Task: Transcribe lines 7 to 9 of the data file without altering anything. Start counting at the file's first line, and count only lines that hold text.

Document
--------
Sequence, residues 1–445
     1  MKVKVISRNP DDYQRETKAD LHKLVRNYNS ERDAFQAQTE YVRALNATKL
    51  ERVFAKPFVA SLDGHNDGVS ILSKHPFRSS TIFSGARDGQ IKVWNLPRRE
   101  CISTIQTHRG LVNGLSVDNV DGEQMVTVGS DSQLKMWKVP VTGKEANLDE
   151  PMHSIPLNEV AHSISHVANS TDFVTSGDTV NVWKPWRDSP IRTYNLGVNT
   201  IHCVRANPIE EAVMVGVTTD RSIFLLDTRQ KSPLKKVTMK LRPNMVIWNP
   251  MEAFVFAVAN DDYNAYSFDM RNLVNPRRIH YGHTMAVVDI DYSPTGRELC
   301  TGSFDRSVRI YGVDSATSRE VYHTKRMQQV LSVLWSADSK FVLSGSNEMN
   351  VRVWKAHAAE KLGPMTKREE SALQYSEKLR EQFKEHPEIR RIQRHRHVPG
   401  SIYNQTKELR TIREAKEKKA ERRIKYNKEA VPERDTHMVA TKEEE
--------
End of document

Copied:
   251  MEAFVFAVAN DDYNAYSFDM RNLVNPRRIH YGHTMAVVDI DYSPTGRELC
   301  TGSFDRSVRI YGVDSATSRE VYHTKRMQQV LSVLWSADSK FVLSGSNEMN
   351  VRVWKAHAAE KLGPMTKREE SALQYSEKLR EQFKEHPEIR RIQRHRHVPG